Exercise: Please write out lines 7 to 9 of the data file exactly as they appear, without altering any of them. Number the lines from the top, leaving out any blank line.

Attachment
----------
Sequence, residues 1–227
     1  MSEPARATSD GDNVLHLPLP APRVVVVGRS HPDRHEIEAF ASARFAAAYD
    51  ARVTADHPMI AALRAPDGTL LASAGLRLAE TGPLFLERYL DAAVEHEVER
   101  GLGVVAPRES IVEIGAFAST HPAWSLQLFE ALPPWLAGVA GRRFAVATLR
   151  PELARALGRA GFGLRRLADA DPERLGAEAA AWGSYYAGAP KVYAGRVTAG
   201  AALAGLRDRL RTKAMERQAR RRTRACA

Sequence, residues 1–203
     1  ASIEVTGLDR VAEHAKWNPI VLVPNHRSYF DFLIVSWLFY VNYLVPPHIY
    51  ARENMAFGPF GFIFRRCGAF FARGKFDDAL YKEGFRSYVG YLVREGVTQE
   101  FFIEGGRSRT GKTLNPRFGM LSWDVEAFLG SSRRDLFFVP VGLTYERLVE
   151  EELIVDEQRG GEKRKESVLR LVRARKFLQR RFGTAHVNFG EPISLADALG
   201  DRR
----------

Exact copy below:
Sequence, residues 1–203
     1  ASIEVTGLDR VAEHAKWNPI VLVPNHRSYF DFLIVSWLFY VNYLVPPHIY
    51  ARENMAFGPF GFIFRRCGAF FARGKFDDAL YKEGFRSYVG YLVREGVTQE